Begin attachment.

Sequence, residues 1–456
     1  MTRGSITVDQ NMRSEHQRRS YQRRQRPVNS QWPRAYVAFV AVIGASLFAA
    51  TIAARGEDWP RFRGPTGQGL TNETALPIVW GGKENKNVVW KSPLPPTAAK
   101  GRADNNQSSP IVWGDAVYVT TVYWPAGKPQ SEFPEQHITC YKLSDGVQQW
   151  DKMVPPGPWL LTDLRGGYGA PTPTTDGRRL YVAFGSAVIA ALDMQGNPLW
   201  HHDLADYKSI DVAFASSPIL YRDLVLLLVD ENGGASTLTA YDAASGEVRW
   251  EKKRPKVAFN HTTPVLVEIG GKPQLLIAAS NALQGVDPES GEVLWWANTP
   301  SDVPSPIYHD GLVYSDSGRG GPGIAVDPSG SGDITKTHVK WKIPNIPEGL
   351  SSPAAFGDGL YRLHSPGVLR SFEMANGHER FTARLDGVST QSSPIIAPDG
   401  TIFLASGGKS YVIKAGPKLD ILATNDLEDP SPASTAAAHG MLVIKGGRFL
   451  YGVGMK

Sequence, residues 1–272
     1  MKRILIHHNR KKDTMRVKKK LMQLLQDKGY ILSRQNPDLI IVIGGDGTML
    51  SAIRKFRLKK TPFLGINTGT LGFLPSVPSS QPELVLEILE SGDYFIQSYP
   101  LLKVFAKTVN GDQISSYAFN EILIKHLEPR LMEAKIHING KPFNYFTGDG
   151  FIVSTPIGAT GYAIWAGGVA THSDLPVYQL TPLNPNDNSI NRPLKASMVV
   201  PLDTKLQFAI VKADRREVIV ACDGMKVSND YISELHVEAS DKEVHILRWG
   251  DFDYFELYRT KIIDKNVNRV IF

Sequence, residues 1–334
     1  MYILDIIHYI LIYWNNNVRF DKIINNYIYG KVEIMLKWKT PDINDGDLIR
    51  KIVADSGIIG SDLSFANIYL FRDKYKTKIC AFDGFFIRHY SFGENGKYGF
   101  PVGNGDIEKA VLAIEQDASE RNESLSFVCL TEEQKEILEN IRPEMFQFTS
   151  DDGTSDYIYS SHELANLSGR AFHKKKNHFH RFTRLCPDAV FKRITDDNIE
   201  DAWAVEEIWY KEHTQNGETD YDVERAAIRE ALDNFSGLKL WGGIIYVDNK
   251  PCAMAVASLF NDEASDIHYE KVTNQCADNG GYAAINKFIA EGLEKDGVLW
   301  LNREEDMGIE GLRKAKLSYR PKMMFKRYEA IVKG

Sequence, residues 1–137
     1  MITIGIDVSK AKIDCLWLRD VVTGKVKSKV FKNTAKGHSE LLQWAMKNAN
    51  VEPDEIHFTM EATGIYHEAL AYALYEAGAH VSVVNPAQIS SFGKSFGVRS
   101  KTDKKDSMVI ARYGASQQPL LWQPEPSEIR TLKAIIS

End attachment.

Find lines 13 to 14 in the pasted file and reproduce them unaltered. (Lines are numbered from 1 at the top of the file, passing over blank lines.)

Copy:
     1  MKRILIHHNR KKDTMRVKKK LMQLLQDKGY ILSRQNPDLI IVIGGDGTML
    51  SAIRKFRLKK TPFLGINTGT LGFLPSVPSS QPELVLEILE SGDYFIQSYP